Stine Lumber president Dennis Stine saw an opportunity to revamp his now-12-location Sulphur, La.-based LBM and home center operation after business bottomed in early 2009. But, as Stine told dealers at the ProSales 100 Conference Thursday morning, the retooling focus was as much on returning the company’s balance sheet to profitability as it was about creating a measurable shift in corporate culture. 

By 2003, Stine was preparing to launch a concept relatively new to the dealer channel—a 100,000-square-foot facility that mirrored aspects of a “big box” but with a drive-through lumberyard and a showroom. Between 2003 and 2005 the dealer went to work expanding its Louisiana operations by building a handful of the new type of locations. Following hurricanes Katrina and Rita in 2005, Stine said, the company became eligible for 50% advanced depreciation from the federal government on its capital expenditures—including buildings—in an effort to kick start post-storm construction in the Gulf region.

“We had a partner,” Stine told dealers of the federal government’s program, “and we could scale it.” The capital expenditure plan gave Stine Lumber $65 million to grow but shortened the company’s implementation timeline from 10 years to three. From 2005 to 2009, Stine said, the company had planned to continue to scale operations by replacing existing locations with the larger stores. But the market began to slide and, in May 2009, the company hit bottom.

The turnaround was swift. “We cut and we cut and we cut,” he said. The firm slashed its payroll by 27%, closed one location, and suspended its 401K among several efforts to trim operations and reduce assets. A cash-based retail segment kept EBITDA (earnings before interest taxes, depreciation and amortization) strong in 2009 and helped the company launch its series of initiatives to boost margins by increasing ticket value for existing customers.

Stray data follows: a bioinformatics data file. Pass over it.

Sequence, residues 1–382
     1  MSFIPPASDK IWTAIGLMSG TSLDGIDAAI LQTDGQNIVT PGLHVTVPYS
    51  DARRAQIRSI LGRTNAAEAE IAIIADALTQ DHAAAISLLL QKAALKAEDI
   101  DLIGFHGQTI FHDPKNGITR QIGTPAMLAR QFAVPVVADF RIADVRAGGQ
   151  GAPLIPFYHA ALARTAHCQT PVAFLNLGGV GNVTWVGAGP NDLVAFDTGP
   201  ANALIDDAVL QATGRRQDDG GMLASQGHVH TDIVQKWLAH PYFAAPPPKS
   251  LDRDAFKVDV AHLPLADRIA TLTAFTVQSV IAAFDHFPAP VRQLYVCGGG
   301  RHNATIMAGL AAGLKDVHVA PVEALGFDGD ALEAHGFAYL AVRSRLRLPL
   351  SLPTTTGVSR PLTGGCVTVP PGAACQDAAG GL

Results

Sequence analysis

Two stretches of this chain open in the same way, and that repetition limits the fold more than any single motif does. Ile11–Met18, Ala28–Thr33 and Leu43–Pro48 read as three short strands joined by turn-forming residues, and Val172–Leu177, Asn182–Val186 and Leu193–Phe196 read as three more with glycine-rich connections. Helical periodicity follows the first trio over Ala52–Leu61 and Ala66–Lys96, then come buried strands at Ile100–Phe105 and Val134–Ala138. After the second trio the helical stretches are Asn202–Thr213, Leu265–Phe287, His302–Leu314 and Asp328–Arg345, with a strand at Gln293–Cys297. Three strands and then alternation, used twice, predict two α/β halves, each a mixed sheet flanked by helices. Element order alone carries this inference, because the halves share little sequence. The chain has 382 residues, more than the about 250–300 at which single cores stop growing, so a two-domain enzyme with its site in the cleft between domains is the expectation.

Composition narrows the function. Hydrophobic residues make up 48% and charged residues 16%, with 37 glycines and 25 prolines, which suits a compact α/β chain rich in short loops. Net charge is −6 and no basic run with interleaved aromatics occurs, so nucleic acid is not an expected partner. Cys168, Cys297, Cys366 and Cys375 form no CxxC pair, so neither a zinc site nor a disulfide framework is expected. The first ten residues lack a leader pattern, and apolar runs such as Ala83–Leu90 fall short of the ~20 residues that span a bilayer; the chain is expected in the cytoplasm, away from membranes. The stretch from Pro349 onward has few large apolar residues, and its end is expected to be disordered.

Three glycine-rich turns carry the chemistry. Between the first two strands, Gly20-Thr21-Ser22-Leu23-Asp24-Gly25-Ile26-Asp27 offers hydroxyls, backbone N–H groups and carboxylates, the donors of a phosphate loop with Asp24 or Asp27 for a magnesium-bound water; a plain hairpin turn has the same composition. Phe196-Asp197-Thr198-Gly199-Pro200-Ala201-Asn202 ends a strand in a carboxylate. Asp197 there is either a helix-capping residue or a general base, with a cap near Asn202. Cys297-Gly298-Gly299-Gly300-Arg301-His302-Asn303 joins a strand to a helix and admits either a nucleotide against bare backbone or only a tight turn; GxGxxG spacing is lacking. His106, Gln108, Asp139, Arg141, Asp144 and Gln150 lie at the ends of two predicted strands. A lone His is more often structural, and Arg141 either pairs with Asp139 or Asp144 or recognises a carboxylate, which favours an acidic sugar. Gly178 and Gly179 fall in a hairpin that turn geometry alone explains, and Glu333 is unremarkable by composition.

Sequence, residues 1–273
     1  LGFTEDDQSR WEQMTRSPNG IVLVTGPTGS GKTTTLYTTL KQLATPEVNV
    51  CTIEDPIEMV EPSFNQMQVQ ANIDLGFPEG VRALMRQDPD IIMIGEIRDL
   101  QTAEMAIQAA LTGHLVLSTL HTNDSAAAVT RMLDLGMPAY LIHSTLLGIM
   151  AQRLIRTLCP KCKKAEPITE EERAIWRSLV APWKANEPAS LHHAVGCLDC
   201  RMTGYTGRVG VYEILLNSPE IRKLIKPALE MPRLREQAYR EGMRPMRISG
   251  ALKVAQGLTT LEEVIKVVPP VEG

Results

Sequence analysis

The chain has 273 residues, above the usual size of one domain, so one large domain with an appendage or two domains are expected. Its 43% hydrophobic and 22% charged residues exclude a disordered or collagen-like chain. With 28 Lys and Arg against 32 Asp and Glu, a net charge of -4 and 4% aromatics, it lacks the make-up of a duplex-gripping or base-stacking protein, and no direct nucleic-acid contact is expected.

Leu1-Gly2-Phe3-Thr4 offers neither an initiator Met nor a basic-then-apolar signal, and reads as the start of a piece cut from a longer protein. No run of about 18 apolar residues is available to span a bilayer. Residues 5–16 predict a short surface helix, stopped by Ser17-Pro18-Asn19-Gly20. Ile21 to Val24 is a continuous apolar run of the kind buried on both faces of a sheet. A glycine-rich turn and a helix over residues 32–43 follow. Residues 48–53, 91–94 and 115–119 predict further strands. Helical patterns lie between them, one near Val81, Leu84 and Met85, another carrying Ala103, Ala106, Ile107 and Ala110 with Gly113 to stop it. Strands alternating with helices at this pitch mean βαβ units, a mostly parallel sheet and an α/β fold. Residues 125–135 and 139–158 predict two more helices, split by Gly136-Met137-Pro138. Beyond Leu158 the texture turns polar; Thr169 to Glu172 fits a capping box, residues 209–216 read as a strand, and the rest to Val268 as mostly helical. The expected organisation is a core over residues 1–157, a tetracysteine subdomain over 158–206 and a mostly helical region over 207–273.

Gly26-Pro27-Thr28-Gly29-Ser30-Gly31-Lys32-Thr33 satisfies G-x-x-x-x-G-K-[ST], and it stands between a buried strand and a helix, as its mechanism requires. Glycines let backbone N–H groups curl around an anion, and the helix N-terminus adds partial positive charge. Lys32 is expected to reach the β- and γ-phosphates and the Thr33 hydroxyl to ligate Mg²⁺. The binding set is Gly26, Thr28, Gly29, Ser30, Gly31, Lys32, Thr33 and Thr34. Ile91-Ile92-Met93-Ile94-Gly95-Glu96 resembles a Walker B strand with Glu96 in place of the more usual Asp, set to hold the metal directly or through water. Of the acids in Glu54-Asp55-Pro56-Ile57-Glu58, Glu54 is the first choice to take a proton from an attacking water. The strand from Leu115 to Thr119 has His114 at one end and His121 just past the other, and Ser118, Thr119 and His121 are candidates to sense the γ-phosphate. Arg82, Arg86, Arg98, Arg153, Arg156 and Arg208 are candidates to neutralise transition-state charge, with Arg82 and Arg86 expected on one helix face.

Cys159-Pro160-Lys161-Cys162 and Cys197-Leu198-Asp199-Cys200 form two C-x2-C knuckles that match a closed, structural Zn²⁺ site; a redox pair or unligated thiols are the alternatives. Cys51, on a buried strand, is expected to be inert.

The company launched the Stine Loop—a customer resource management program that seeks to bundle contractors’ projects. “We wanted to make certain our OSRs had a CRM tool that they [could use] as a quarterback to make sure we were driving more product through our existing customers,” he said.

The company also cleaned up its stores and picked up its retail-oriented marketing and advertising initiatives with biweekly mailers, social media campaigns, and a website that offers ship-to-store services.

The firm’s biggest shift occurred in its internal relations. Stine evaluated the McDonald's "Plan to Win" strategy and decided to put its own twist on the program, focusing it on getting existing customers to spend more. He called it 'Sharpening the Saw.' “We did big work with little capital,” Stine said. “We spent our big wad of money so we had to work with what we had. Our fast growth had made us less efficient."

Stine’s interpretation of Plan to Win focused heavily on brand loyalty and associate growth—the company now asks associates to fill out self-evaluation forms as well as manager assessments. The process also required Stine to revise areas of its operations manual and more transparently tie that information into the self-assessment process and other reviews.

So far, says Stine, the work has paid off. The company posted $151 million in sales during 2012 with 40% to pros and 60% to retail customers. In 2011 the company posted sales of $144 million, of which 38% was to the pros, ranking the firm No. 54 on the ProSales 100 list of top LBM dealers.

Download a copy of Stine's presentation here .

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